O! Say Can You See

After winning three of the last four, we enter the final game of our home stand with renewed spirits and heightened optimism.  A few victories do wonders for confidence, and things have slowly been on the upswing.  Last night’s inspiration may have been partly attributed to the Quakes’ honoring of Armed Forces Day.  This game included the wearing of red, white, and blue uniform tops that were auctioned off for a charitable cause, as well as the honoring of military personnel throughout the game.

With a patriotic mood in mind, I got to thinking about the National Anthem we hear prior to every game and some of the features that make some performances better than others.  Personally, I get a bit antsy during the Anthem as the game is about to begin and I have to stand still for a period of time.  This brief anxiety leaves me hoping for shorter anthems over the longer performances.

I see there being three components to the Anthem: length, type, and originality.  I have already touched on length, which tends to be directly correlated to anthem type.  Anthems can be performed vocally or instrumentally, and done solo or in groups.  Instrumental anthems tend to be on the shorter end, with there being minimal room for musical interpretation and drawn out notes.  The same goes for group performances; these anthems are typically shorter in length than solo renditions.

Finally, the last Anthem component is originality.  The desirability of this trait differs from listener to listener; however, I prefer that there be as little variation from the “traditional” Anthem as possible.  I do not enjoy hearing certain words and notes drawn out in a variety of ways so the performer can express his or her individuality.  Instead, I prefer the traditional Anthem because it is intended to be a reminder of the freedoms we enjoy as Americans and the people that give their lives to protect these liberties.

To sum things up, I find the most enjoyable anthems to be performed instrumentally by a group.  This is not to say that I have not heard solo vocalists put a solid performance together; however, when looking for a terse and traditional National Anthem, group instrumental renditions are my preference.  Despite the fact that some performances are personally more enjoyable than others, the efforts to provide the subtle reminder that our freedoms have not come without a fight are always greatly appreciated and admired by all.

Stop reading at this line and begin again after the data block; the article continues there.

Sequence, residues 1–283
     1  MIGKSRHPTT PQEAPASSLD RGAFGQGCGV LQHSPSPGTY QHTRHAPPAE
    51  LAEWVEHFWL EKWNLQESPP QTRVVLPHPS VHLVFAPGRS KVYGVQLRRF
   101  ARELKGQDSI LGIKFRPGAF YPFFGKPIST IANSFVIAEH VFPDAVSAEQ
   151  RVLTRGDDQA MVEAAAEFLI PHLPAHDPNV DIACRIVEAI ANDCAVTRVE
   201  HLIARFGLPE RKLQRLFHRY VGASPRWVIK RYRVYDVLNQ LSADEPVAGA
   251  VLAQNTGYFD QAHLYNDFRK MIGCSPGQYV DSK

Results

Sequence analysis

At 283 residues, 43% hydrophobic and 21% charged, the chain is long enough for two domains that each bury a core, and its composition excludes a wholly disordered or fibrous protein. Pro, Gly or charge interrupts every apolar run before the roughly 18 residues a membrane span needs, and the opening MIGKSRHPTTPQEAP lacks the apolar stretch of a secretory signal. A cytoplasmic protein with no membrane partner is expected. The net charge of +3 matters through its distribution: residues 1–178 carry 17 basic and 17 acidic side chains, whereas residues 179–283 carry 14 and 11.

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4 Responses to “O! Say Can You See”

  1. Stephen C. Smith Says:

    Hi Chris … When we read an article or blog suggesting that a win (or loss) may have been “inspired” by some event, how much truth do you think is really in that? After all, we’re talking about 25 guys with 25 different egos and personalities.

    I think sometimes the press makes too much of this stuff.

  2. LaLoo Says:

    You’re funny. Nic and I were talking about this when we went to see you play… one of the other thing that factors in to an enjoyable anthem is whether or not the person knows the words. I know that our society basically is going to hell in a handbasket because people don’t care anymore to think before they speak – or in this case, sing – but the lyric of our national anthem go as follows: “O’er the land of the free and the home of the brave.”

    O’er. It’s an abbreviation. It is NOT the word “for.”

    It annoys me to no end when people sing, “For the land of the free,” because it’s WRONG!!

  3. Hunter Says:

    Rosenbaum…. its hunt from rochester, an old friend pointed me to your blog…. hope all is well… congrats on making this far in baseball seeing as how we started way up in the roc

  4. Pitcher1023 Says:

    When the anthems are perceived as “no bueno”, a Salt-truck will find its way to a town near you. haha
    ~ Love the Fam (Especially the Squirt)

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